Now to come back to Freud. Apart from those personal elements, I take issue with your sentence on purely epistemological grounds: “As long as we accept the statement that there ARE causes for human behavior, why need one be so alarmed that Freud has discovered what some of these causes are?” If I accept the statement that there are causes for physical phenomena, need I or need I not object if someone claimed that the cause of measles is God’s retribution for man’s Original Sin, or that the cause of a volcano’s eruption is the anger of a subterranean demon, or that the cause of a solar eclipse is the sun’s frustrated emotion of love for the planet Venus? Freud did not discover any actual causes of human behavior (if by “causes” we mean basic motives, not psychological mechanics); the epistemological methods by

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which he allegedly “proved” his theory were so fantastic, so crudely irrational that they have been denounced in print repeatedly by philosophers and scientists.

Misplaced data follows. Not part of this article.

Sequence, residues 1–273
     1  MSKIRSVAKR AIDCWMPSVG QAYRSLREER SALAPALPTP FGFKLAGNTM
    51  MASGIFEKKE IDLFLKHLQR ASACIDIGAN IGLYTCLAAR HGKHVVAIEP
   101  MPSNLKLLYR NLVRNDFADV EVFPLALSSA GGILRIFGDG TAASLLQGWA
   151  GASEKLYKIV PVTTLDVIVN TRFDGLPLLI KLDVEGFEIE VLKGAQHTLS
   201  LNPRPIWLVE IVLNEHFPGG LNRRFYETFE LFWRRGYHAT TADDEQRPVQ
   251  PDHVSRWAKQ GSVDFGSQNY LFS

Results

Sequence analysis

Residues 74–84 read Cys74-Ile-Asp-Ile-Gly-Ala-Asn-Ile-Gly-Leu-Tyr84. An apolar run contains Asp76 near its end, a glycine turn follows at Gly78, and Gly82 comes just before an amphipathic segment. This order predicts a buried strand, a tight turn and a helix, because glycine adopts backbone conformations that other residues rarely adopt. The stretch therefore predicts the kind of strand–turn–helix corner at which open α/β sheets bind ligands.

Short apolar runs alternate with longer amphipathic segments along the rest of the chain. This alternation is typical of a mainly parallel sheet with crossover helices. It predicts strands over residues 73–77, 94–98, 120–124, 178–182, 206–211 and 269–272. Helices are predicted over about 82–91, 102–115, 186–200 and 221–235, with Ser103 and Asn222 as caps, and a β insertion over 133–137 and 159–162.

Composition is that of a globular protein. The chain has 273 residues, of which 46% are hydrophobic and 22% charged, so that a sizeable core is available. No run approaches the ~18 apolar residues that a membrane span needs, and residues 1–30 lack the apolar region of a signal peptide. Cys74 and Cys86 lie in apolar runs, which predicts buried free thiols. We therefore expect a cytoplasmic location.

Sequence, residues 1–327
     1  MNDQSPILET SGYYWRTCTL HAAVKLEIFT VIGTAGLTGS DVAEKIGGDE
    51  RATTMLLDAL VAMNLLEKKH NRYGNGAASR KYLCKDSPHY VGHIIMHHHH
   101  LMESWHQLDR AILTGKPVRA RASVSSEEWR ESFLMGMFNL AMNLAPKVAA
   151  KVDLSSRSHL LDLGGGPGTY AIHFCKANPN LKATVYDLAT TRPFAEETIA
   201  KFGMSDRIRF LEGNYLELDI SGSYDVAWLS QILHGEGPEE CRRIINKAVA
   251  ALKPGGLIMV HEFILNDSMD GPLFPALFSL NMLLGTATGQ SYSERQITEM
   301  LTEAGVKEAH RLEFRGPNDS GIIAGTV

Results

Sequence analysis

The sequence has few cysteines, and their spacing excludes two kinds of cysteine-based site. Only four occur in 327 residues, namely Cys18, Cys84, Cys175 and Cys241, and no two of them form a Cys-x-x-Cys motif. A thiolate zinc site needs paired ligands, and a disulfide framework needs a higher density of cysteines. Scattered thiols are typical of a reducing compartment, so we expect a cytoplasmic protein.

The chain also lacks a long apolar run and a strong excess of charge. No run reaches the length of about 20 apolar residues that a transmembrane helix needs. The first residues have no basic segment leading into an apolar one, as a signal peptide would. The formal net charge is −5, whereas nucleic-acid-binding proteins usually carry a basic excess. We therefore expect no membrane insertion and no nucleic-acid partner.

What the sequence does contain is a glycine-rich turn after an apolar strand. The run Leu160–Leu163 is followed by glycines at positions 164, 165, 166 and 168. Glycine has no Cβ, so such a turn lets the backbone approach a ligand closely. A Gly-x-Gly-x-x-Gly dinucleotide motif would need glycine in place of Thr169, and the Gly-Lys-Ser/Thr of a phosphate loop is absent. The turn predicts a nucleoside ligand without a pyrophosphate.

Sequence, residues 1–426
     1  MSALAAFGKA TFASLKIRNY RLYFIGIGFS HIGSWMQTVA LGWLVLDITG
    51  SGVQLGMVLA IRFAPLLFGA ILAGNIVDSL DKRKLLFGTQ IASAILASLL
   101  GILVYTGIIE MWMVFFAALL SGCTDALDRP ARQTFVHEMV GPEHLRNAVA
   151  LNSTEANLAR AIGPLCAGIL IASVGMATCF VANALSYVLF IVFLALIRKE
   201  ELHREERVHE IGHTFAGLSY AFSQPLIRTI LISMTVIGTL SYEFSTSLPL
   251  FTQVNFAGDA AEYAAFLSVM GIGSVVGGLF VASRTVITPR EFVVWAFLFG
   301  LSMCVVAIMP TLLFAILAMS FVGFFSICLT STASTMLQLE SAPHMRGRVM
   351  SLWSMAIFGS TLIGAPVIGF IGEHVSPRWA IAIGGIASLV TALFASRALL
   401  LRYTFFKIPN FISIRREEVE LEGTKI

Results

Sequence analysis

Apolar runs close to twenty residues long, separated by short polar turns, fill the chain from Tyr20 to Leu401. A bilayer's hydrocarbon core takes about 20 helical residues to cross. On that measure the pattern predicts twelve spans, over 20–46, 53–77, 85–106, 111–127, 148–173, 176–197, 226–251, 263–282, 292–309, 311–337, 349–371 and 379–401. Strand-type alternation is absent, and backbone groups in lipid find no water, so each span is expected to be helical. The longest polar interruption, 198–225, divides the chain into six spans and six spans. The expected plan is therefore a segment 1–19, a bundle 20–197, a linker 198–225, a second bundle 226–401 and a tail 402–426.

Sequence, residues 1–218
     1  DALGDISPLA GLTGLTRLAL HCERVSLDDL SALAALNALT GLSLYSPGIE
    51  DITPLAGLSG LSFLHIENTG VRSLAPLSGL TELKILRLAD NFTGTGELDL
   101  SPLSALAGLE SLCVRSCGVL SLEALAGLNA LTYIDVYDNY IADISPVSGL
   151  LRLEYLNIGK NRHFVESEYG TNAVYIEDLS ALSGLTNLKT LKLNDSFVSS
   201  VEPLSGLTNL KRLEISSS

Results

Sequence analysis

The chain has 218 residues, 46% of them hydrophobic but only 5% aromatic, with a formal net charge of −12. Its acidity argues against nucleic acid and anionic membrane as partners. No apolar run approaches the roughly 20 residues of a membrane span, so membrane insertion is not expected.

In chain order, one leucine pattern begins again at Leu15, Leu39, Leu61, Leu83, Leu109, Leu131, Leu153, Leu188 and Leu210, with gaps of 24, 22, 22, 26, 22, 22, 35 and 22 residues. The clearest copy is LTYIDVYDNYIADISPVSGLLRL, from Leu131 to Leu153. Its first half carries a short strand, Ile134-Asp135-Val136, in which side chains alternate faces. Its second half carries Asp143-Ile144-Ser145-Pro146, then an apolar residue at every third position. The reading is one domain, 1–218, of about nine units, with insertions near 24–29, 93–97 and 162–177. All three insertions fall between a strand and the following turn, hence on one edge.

That Freud observed and/or discovered many facts about the operation or the mechanics of a human consciousness, such as repression or conversion or other neurotic devices which a human consciousness has the capacity to employ, is a different issue; these are not causes, but functional potentialities. If I were the first scientist who discovered some of the things that man can do with his vocal chords, this would be valuable, but it would not entitle me to declare what songs all men would sing at a certain time nor why they would want to sing them. And if I made such a declaration, its validity would have to be judged by the proofs I offered, not by my achievements in the science of the physiology of vocal chords. If Freud discovered that men have the capacity to practice repression, this does not entitle him to declare that what they repress is the desire to sleep with their mothers or fathers.